Fri | Dec 1, 2023

Editorial | Need teacher transfer rule

Published:Monday | August 15, 2022 | 12:06 AM

While the education ministry has not commented on the matter, we take at face value the fear of some principals that classrooms will be thrown into chaos at the start of the new school year in September because of a summer exodus of teachers for more lucrative employment overseas.

This is a recurring problem, which is accentuated in periods when the economy, as is now the case, is under even greater stress. The solution, fundamentally, is to pay our best teachers something closer to comparative salaries and create a work environment that entices them to stay at home. That, the policymakers will say, is difficult at this time.

In the meantime, there is a looming crisis to which we hope the Government, particularly the education minister, Fayval Williams, is paying attention and fashioning short-term solutions, which should include a more efficient deployment and creative use of the talents remaining in the systems. Among the possible measures is one championed by Ronald Thwaites, without much success, when he was education minister nearly a dozen years ago, and has been reprised by the Patterson Commission that looked at how to transform education in Jamaica: greater flexibility for the authorities to transfer teachers to where they are needed in the system.

Although paid by the Government, most of the island’s teachers are employed to specific schools and their boards, rather than the central ministry. So, the full scale of the teacher shortage won’t be known until the data is collated by the education ministry. However, last week a number of head teachers told The Gleaner that their schools have, since last year, been hit by the departure of the specialist teachers across several subjects, including mathematics and English language – areas in which the Jamaican education system faces significant challenges.

“Anecdotally, I really don’t have the figures ... but it seems that a number of people are going,” said Linvern Wright, the president of the Jamaica Association of Principals of Secondary Schools.


The departing teachers are apparently heading mostly for the United States and Canada, although some have been lured to school systems elsewhere in the Caribbean. Mostly, they leave because of pay. “I have been a principal for a number of years and the truth is, there are teachers who cannot pay their bills,” said Mr Wright. “... If you can’t pay your bills and there is a lure of better money elsewhere, people are going to go.”

The problem left by the departures is twofold. First, the resignations are often last-minute, leaving head teachers little time to recruit new staff. But even when principals get early notice, it is hard to find suitable replacements, especially for key subjects. For instance, Raymon Treasure, the principal of York Castle High School in Brown’s Town, St Ann, is having difficulty replacing teachers for technological subjects like mechanical and electrical engineering. He has also had to use pretrained university graduates to teach English language.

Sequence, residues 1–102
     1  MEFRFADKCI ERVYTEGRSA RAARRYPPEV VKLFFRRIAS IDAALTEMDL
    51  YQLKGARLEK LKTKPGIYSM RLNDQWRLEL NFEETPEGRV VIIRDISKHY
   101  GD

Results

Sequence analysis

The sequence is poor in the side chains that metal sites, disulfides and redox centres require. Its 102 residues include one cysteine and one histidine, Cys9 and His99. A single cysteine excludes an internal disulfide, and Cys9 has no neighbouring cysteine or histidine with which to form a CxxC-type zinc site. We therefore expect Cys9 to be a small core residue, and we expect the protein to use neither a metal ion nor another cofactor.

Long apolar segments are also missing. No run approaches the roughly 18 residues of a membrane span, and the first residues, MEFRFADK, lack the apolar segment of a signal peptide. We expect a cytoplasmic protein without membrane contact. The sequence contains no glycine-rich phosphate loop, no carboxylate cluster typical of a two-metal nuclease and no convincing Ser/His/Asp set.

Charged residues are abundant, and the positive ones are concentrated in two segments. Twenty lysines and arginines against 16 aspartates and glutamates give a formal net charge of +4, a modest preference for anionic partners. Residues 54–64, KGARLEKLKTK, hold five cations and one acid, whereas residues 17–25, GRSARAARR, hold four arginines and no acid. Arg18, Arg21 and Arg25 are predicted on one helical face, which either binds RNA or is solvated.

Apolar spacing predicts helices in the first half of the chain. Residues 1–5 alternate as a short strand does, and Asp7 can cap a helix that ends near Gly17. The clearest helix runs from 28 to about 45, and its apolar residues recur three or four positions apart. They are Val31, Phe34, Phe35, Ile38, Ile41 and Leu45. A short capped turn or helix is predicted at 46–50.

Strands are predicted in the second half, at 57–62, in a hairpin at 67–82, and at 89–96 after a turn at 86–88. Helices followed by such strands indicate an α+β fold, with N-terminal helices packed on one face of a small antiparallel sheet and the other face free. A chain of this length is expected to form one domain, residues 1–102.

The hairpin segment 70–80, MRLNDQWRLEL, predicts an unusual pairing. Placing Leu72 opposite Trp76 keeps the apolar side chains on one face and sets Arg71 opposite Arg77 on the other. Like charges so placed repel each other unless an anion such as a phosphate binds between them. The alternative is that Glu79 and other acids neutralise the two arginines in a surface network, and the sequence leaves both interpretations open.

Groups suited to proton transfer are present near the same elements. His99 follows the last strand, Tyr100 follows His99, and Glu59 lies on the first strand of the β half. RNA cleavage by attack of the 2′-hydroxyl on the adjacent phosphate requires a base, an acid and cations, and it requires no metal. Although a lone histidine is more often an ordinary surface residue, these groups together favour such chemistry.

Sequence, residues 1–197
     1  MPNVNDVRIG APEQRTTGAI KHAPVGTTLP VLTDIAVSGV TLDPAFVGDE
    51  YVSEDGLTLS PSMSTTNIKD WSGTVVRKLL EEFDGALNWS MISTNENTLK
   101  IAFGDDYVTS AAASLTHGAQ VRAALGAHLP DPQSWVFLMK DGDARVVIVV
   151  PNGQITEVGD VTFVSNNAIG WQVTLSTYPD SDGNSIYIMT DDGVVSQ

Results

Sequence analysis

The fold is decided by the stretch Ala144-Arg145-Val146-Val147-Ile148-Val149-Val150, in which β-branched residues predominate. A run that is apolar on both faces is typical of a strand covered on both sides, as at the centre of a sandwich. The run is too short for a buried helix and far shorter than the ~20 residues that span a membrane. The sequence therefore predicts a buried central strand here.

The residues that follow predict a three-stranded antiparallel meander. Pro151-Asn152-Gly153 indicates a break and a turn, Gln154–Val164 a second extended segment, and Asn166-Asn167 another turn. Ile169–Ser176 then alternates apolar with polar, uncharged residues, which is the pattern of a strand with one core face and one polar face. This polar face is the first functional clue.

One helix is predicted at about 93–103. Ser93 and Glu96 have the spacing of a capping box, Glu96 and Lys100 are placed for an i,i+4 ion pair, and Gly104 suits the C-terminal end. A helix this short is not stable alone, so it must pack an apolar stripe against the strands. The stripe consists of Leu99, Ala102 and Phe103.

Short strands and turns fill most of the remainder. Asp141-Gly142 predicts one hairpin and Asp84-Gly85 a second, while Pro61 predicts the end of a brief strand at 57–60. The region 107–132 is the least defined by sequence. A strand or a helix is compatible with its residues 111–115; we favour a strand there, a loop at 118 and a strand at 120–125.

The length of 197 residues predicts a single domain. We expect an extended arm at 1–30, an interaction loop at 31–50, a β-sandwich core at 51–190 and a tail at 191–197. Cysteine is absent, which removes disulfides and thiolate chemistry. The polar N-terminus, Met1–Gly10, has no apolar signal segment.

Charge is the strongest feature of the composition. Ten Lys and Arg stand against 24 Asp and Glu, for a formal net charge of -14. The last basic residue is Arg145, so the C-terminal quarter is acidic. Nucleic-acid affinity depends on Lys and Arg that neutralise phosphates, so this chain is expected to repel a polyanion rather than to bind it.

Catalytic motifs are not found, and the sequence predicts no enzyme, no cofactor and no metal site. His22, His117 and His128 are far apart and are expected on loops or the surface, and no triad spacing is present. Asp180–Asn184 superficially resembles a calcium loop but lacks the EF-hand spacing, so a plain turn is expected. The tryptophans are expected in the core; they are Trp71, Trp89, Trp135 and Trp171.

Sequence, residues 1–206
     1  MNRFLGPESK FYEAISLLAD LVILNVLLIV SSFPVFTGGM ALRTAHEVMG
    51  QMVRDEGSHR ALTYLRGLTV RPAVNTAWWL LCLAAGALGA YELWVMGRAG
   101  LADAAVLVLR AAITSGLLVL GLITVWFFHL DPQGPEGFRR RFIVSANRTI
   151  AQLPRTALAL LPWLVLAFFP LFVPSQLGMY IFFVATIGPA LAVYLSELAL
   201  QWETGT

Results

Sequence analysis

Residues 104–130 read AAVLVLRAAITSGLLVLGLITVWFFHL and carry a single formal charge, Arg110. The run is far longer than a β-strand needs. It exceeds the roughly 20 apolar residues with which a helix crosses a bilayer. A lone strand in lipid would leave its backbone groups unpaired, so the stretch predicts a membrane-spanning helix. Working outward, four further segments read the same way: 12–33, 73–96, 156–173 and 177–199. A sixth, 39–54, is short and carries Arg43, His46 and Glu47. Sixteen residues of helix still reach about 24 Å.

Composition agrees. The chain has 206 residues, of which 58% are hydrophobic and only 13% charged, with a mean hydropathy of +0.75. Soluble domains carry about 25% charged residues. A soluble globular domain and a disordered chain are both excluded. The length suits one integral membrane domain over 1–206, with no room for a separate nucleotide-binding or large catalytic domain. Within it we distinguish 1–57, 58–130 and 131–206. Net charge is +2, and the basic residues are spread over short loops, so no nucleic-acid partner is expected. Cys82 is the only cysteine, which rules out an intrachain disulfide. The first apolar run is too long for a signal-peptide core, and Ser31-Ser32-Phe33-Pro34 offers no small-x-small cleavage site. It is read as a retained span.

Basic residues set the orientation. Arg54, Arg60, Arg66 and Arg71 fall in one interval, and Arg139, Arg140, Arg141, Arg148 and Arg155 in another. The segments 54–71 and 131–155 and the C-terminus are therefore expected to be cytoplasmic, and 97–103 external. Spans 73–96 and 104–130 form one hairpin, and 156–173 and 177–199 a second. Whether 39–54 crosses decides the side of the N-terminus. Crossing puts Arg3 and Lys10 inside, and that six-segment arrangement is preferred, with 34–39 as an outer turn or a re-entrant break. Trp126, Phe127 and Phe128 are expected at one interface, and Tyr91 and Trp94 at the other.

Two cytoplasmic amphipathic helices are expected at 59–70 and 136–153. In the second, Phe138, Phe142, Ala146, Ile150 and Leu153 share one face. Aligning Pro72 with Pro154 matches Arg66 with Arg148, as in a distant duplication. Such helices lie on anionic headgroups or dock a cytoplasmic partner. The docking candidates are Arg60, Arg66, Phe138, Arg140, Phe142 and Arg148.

York Castle’s problem is so acute that the school has had to share some subject teachers with the nearby Brown’s Town High School. Which raises the prospect of a broader use of this arrangement, but by employing technology, instead of the physical presence of outside teachers. Indeed, the COVID-19 pandemic, which forced schools online when physical classrooms were closed, revealed what can happen. Now, with at-school sessions resumed, it ought to be possible, and easier, to have specialist teachers in remote locations, supported by in-class teaching assistants, deliver lessons to students of several schools at the same time.

These skilled teachers need not be in Jamaica, if they are teaching a specific syllabus, as would be the case with students preparing for Caribbean Secondary Education Certificate (CSEC) exams, or its advanced proficiency counterpart, CAPE. It is an idea the Caribbean Community’s (CARICOM) education ministers and the Caribbean Examinations Council (CXC) should give consideration.


There is also the concern raised by Mr Thwaites during Parliament’s 2013-2014 Sectoral Debates, about the mismatch in schools “involving several thousand teachers, qualified in one discipline while teaching another, while you have excess or inadequate capacity in another school 10 miles down the road”. Currently, teachers can only be redeployed if they volunteer. They cannot be transferred without their agreement.

Said Mr Thwaites at the time: “We must cooperate to change this. There must be legislative authority to transfer teachers from one school to another to meet children’s needs.”

More than a decade later, little has happened. The matter was put back on the education agenda by the Patterson Commission.

The commission recommended that, in the short term, a scheme be piloted to grant one of the education ministry’s regional offices the authority to deploy teachers to where their skills are needed within the region. Over the medium term, the commission said, the contractual arrangements of teachers should be modified “to allow mobility within a region to areas of staff shortage”, in the context of a specific “teacher deployment policy in which regions have a role in distributing teachers within their jurisdiction”.

“The policy should allow teachers to retain their professional status if reassigned to another school, consistent with the (non-administrative) career track previously proposed,” it said.

This is a matter of some urgency and ought to be fast-tracked. It should be among the issues that the Jamaica Teachers’ Association has on its agenda, and gives the green light to, at its annual conference next week.